“Already anthemic songs are rendered positively transcendent by Johnny Rotten’s rabid, foaming delivery.” SH “Rotten, who had never sung before, had a gift for malice that he turned on the complacent England of the 70s.” TL “His bitterly sarcastic attacks on pretentious affectation and the very foundations of British society were all carried out in the most confrontational, impolite manner possible.” SH

Of course, there was also “Steve Jones’ buzz-saw guitar” BA which made “the songs explosive and catchy” TL “and (most importantly) bass player Glen Matlock’s hook-filled compositional skills.” BA However, “by the time they recorded their lone 1977 album, Matlock had been bounced, replaced by the image-correct but utterly untalented (and ultimately group-dooming) Sid Vicious,” BA “a tragic sideshow.” TL

“The Pistols paved the way for countless other bands to make similarly rebellious statements, but arguably none were as daring or effective. It’s easy to see how the band’s roaring energy, overwhelmingly snotty attitude, and Rotten’s furious ranting sparked a musical revolution, and those qualities haven’t diminished one bit over time. Never Mind the Bollocks is simply one of the greatest, most inspiring rock records of all time.” SH

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Saturday, October 22, 1977

Lynyrd Skynyrd members died in a plane crash: October 20, 1977

Originally posted October 20, 2011.

On October 27, 1977, the rock world suffered one of the most tragic losses in music history when a twin-engine, propeller-driven Convair 240 plane crashed in a wooded area near Gillsburg, Mississippi. The chartered plane out of Texas carried the members of Southern rock group Lynyrd Skynyrd. They were headed from a Greenville, South Carolina, show to another in Baton Rouge, Louisiana.

The reported cause of the crash was fuel shortage. Of the 26 passengers on board, six were killed. They included Lynyrd Skynyrd’s singer Ronnie Van Zant, guitarist Steve Gaines, and his sister and backup singer Cassie Gaines. They were all 28 years old. The group’s assistant road manager, Dean Kirkpatrick was also among the dead. Walter Wiley McCreary and William John Gray, the pilot and co-pilot, were also killed. Others were critically injured.

Lynyrd Skynyrd formed in Jacksonville, Florida, when Van Zant played in high school with Gary Rossington and Allen Collins. They named their band after the Robert E. Lee High School’s physical education instructor Leonard Skinner as a means of getting even. He was not a fan of long hair and loud music and he played a hand in getting them suspended from school.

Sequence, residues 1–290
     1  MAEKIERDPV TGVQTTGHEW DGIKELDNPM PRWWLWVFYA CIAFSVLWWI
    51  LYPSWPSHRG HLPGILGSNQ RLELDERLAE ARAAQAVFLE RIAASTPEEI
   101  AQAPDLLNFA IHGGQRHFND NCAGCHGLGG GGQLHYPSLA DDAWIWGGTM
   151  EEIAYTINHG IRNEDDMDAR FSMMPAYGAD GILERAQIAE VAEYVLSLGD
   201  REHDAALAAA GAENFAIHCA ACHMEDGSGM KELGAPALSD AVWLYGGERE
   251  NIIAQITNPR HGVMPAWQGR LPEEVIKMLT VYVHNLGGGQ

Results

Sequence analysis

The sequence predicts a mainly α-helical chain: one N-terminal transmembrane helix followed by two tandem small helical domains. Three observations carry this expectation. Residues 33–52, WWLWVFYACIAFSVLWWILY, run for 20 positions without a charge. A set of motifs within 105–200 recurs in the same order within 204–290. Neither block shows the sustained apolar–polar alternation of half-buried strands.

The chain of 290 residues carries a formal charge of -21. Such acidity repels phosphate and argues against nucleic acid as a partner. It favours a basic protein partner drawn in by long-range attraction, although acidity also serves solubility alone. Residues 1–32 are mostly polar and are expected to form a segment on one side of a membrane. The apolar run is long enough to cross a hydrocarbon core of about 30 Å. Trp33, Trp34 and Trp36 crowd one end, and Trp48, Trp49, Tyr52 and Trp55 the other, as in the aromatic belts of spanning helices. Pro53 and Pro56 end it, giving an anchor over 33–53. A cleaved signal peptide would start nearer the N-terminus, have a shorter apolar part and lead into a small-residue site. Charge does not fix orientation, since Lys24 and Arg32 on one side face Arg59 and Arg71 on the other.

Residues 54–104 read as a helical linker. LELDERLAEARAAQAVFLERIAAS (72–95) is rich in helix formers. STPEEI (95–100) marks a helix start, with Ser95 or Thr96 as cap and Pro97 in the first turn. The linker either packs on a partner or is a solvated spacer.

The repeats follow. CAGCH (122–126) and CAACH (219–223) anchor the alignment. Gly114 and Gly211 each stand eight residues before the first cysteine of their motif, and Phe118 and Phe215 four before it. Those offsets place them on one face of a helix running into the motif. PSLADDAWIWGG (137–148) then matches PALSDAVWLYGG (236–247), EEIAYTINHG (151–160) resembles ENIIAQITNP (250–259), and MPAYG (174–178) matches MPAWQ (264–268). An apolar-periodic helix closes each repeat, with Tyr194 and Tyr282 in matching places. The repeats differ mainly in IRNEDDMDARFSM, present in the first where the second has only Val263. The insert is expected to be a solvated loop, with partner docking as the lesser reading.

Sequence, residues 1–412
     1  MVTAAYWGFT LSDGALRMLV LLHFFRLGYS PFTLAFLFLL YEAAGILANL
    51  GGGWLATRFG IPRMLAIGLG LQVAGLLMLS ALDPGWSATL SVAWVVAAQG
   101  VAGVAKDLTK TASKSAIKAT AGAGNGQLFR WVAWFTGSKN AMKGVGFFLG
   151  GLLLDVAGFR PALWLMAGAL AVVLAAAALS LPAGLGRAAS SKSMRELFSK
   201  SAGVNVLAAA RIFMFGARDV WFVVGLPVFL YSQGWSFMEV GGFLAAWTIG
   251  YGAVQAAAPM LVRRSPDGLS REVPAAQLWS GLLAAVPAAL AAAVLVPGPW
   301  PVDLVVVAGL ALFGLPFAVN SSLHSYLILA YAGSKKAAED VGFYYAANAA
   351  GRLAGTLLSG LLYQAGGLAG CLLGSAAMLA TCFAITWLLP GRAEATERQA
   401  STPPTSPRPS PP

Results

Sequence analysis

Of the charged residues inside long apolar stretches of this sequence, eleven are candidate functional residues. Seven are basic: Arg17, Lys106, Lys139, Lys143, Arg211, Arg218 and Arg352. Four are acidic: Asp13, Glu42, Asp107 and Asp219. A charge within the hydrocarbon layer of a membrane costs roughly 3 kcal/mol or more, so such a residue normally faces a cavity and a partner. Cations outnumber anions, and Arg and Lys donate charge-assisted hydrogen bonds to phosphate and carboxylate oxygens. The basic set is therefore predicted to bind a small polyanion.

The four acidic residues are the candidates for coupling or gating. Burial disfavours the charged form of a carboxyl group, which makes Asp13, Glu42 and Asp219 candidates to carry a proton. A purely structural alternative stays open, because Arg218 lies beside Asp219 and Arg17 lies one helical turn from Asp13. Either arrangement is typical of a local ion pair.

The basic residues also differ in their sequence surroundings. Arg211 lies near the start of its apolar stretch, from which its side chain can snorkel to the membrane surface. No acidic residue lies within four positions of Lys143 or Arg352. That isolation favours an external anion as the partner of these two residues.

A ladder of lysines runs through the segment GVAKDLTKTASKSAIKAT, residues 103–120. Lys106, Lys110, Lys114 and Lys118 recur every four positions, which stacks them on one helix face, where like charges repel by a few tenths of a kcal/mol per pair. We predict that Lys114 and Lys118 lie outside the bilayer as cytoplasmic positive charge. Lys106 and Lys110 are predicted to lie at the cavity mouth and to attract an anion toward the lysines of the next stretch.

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Friday, October 21, 1977

Meat Loaf’s Bat Out of Hell released October 21, 1977

Originally posted October 21, 2012.

image from vinylrecords.ch

Tracks: (Click for codes to singles charts.) Bat Out of Hell (2/10/79; #8 UK) / You Took the Words Right Out of My Mouth (Hot Summer Night) (5/20/78; #39 US, #33 UK) / Heaven Can Wait / All Revved Up with No Place to Go / Two Out of Three Ain’t Bad (3/18/78; #11 US, #32 UK) / Paradise by the Dashboard Light (8/12/78; #39 US) / For Crying Out Loud

Sales (in millions): 14.0 US, 2.84 UK, 43.0 world

Peak: 14 US, 9 UK


Review: “There is no other album like Bat Out of Hell, unless you want to count the sequel.” AMG “Nobody else wanted to make mini-epics like this.” AMG This collection of songs makes for “one of rock’s most theatrical, grandiose records” RS and one of the genre’s “least likely hit albums.” AZ It is “overwrought and undeniable;” AZ “epic, gothic, operatic, and silly – and it’s appealing because of all of this.” AMG “It’s rock as soap opera.” PR

Meat Loaf, born Marvin Lee Aday, had alternated between recording music and appearing on stage through the late ‘60s and early ‘70s. He starred in the musical More Than You Deserve, written by the classically-trained pianist Jim Steinman, after which the pair decided to work on a musical album project based on Peter Pan. It evolved into the Bat Out of Hell album. TB

As a composer, Steinman drew on the “pomp and circumstance of Richard Wagner” TB and subscribed to the same principle which “made Andrew Lloyd Webber a multimillionaire knight: if you do kitsch, do it big.” AZ “There never could have been a singer more suited for [Steinman’s] compositions than Meat Loaf, a singer partial to bombast, albeit shaded bombast.” AMG In addition, Todd Rundgren “gives Steinman’s self-styled grandiosity a production that’s staggeringly big but never overwhelming and always alluring.” AMG